This State Record Was Broken, Did You Notice?

One of the potential records broken at last weekend's VHSL state cross-country championships involved perennial powerhouse Lake Braddock High, but had nothing to do with a stopwatch.

And though the record in question may not have dealt with time, it was plainly obvious for any spectator, hardcore or casual.

All one had to do was look up. Among the seven Bruins making up the boys' state team contingent may have been the tallest competitor in VHSL state cross-country meet history.

At 6-foot-11, Thomas Showalter towers over his teammates and competitors. Although some may presume that the Bruin senior is only involved with a sport that entails dribbling an orange ball, Showalter has become a student of long distance running.

His interest started in middle school.

"I began to have an interest in distance running because I liked the feeling of satisfaction (from) completing a long run, and was looking to try a new sport," said the senior, who has competed in cross-country and outdoor track since freshman year.

Showalter's mind might have focused on distance running, but as expected, his very tall, lanky frame was not equipped with the proper running form of a harrier.

Asked about problems with his runner's form in the early years, Lake Braddock's Director of Cross-Country and Track Mike Mangan could only pause and shake his head before answering. "Yeah, he was a mess."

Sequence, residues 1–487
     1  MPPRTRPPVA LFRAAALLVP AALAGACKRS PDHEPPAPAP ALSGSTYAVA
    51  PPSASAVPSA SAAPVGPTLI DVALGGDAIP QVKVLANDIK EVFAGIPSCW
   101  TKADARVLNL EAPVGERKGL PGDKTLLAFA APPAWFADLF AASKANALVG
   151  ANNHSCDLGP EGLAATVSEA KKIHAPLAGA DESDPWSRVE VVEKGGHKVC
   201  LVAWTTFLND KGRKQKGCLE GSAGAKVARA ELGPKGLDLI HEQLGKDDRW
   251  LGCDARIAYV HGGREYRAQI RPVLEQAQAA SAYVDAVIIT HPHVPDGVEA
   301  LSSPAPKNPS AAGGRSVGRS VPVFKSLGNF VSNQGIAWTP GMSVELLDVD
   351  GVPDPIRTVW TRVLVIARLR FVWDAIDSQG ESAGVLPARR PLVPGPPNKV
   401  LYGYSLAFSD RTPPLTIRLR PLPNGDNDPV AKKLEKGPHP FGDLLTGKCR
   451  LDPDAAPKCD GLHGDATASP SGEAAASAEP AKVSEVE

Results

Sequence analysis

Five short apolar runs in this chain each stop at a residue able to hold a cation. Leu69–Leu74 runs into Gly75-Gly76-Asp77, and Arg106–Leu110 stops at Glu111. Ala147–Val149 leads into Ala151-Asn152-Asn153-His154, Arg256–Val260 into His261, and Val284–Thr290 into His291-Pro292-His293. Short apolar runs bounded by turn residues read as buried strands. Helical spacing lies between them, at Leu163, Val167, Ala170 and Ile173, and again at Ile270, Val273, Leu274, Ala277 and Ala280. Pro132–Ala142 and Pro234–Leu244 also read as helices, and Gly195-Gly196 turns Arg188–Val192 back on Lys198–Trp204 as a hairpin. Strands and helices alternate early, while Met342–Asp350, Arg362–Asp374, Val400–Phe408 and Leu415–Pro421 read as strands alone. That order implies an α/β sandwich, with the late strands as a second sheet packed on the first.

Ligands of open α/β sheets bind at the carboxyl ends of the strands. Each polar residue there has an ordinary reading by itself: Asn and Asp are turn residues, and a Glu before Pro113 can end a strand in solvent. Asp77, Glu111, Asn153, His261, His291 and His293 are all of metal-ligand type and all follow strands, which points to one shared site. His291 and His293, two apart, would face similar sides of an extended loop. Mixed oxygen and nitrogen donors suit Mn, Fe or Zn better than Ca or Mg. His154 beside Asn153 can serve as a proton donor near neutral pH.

It's not an assessment that Showalter disagrees with.

"It is harder for a taller runner to develop the mechanics for running. This has been the issue that has most impacted my improvement as a runner. I look back at pictures from my freshman and sophomore years and laugh, because my form was atrocious. I would slouch over as I ran because I lacked the core strength necessary to stay upright over the course of a race."

Fortunately, help was on the way. "My junior season was where I started making major improvements. Coach (Ass't. XC coach, Jason) Switzer would always emphasize the importance of staying efficient, and I stopped heel striking."

There were other alterations to be made.

"(Switzer) also helped me to increase my stride rate. Additionally, I made huge improvements through weight training, which gave me the strength to engage my core, and to fix a lot of the issues that I had experienced with my mechanics previously. As a result, I was able to shave two minutes off of my (5K) time between sophomore and junior seasons." In fact, Showalter dropped from 20:29 to 18:33.

This fall, Showalter improved his time by another 16 seconds while serving as the number #7 runner for the Bruins. Last Saturday, he placed 89th in 18:22 to help Lake Braddock to a tenth-place finish in the Class 6 race.

The fact that Showalter could compete at a full performance level was notable in itself, as he suffered through a tibial stress fracture last year, which cost him the opportunity to run both indoor and outdoor track. "Sometimes the sport can be brutal in this sense, and it is very unfortunate when someone who seems to be finally putting things together misses weeks or months of running, only to struggle to get back to where (he was) before the injury."

But indoor track has now started and the Bruin looks for new challenges. His best 800-meter time to date has been 2:12.51, and that was run before his cross-country time had dropped under 20 minutes. "I have always been an 800-meter runner, although I wouldn't mind trying the mile this season. I am curious to see what I can do," said Showalter.

And since Showalter is 6-foot-11, it is likely that many in attendance for his 1600-meter debut will get to see what he can do, since he'll be hard to miss.